by The Cowl Editor on October 1, 2020
The Reality of Cancel Culture Is that it Is Not Real
by Nicole Patano ’22
Freedom of speech does not mean freedom from consequences. When people make comments that are offensive, bigoted, or vile, they deserve to be held accountable. In recent years, all calls for holding individuals accountable for their statements and actions have been oversimplified to one term: cancel culture.
While cancel culture is not a new concept, it has gained particular notoriety in the past few years, with celebrities like R. Kelly, Kanye West, and J. K. Rowling falling victim, although victim may be too strong a term. Despite being accused of, charged with, and arrested on numerous counts of sexual assault and child pornography, R. Kelly still made $200,000 in royalties from January to April of this year. Kanye West was “canceled” after suggesting that slavery was a choice, yet his album Ye debuted at No. 1 on the Billboard charts just one month later. Instead of apologizing for making transphobic comments, J. K. Rowling published a book which features a man who dresses as a woman to kill people. Troubled Blood topped the United Kingdom’s book charts, selling 64,633 copies in five days.
There are several myths surrounding cancel culture, the first being that it is an attack on free speech. Free speech is protected by the First Amendment against government regulation (with exceptions, of course). The First Amendment protects you from the government, not from public pressure. This is why the government could not make Dan Snyder change the name of his football team from the Washington Redskins, but public pressure could. This is why people can get “canceled” on social media.
The second myth about cancel culture is that it punishes innocent people for statements they never made or ones they made several years ago. In most cases, a person’s guilt is rather obvious—a public tweet, a YouTube video, DNA evidence. The question is not about whether the individual intended for their statements to be racist or homophobic, but that they had the impact of marginalizing or oppressing others.
There are three reasons a person may be “canceled.” First, the person said or did something offensive or harmful. These cases are often the most controversial because individuals may be canceled for something they said or did 10 years ago—Kevin Hart stepping down from hosting the 2019 Oscars after his homophobic tweets from 2009 resurfaced is just one example.
Sympathizers of those canceled may claim that the person was just a kid or that times were different back then and such statements would have been appropriate. However, if a person is never held responsible for their actions and the harm they caused, it will set the precedent that there is an expiration date for the harm caused by a person’s actions.
The second reason is that a person said or did something offensive or harmful and did not apologize. In this case, the person knows that what they did is offensive but does not care. Their public apology may sound something like this: “I am sorry that my statements hurt your feelings.” The person apologizes that you feel hurt, but does not apologize for their statements being the reason you are hurt. It is a denial of their culpability and deflects the blame onto the person who calls them out.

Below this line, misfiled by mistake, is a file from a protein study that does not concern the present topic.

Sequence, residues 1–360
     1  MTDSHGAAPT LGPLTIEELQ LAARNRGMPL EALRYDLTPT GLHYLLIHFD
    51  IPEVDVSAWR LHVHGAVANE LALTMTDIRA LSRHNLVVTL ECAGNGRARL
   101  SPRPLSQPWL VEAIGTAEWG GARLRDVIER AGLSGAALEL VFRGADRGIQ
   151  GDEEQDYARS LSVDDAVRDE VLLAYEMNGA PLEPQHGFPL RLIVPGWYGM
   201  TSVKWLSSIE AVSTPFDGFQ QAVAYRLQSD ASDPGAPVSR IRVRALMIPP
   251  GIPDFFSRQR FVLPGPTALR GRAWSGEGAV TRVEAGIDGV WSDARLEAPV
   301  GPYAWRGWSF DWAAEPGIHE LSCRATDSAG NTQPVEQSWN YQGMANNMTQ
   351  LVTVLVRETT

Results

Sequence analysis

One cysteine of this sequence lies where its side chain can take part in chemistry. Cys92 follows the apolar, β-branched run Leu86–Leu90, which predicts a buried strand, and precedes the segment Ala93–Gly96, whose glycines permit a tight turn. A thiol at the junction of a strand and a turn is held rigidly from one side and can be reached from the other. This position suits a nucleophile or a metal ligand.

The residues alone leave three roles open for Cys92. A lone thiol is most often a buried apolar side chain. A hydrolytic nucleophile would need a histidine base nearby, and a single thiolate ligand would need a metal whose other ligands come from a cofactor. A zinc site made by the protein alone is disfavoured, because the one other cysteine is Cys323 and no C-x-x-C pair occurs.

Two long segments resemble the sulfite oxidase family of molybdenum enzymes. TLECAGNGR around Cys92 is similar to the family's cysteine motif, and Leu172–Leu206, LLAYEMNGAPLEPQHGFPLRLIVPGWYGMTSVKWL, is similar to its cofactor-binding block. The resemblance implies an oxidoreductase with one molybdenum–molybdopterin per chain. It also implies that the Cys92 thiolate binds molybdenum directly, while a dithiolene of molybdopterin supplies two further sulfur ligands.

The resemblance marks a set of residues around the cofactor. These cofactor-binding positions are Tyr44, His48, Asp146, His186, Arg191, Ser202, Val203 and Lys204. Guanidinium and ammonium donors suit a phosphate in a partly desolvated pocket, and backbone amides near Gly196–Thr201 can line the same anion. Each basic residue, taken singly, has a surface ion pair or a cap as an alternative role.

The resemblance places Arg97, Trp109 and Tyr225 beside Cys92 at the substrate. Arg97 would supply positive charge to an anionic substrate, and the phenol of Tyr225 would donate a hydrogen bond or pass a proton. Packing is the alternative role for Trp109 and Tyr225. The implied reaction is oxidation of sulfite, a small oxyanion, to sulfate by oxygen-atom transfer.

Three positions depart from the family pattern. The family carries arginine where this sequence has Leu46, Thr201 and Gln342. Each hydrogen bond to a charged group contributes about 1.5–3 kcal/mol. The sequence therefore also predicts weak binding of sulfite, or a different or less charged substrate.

Oftentimes a person who fits into the first or second categories will respond by saying that they are not racist, sexist, or homophobic. This is often the case; a person can say something racist without being a racist or do something homophobic without being a homophobe. As long as the person understands why their words or actions were harmful, apologizes for the impact their actions had, and vows to do better, they should be safe from “cancellation.”
The third case arises when a person fully intends to say something offensive or harmful because the person is a racist, sexist, homophobe, etc…These individuals repeatedly show they feel no remorse for such statements and the harm they cause. They are repeat offenders who are wilfully ignorant about the harm their statements cause. For example, Mel Gibson has been caught on tape making anti-Black, antisemitic, sexist, and homophobic comments; yet, he is still an active and prolific actor and director. Despite the evidence against him and the fact that he has been “canceled” twice already, the list of people supporting Gibson’s career has only grown.
This brings up the third myth about cancel culture: that cancel culture is real. Based on the current status of the aforementioned victims of cancel culture, it is accurate to say that none of them have been canceled. In almost all cases, the individual is able to keep their career, status, and fan base without any repercussions. “Cancel culture” is a term used by privileged people to delegitimize the criticism and silence the actual victim.
“Cancel culture” is cited to prevent a discussion about the harm done and how those who caused the harm should be held accountable. It is a way for oppressors to play the oppressed, re-centering the sympathy on those who already have privilege and authority.
Instead, “cancel culture” must be viewed as a form of holding people in power accountable for their actions. “Canceling” is an act of withdrawing support for a person that will impact their revenue, public image, and privilege. If you continue to support a person because of what they offer you despite the fact that they are causing harm to others, you are effectively telling that person that you can excuse their behavior because you need them. You are giving that person permission to continue causing harm. Holding them accountable by refusing to support them is the only way to prevent them from marginalizing or oppressing others.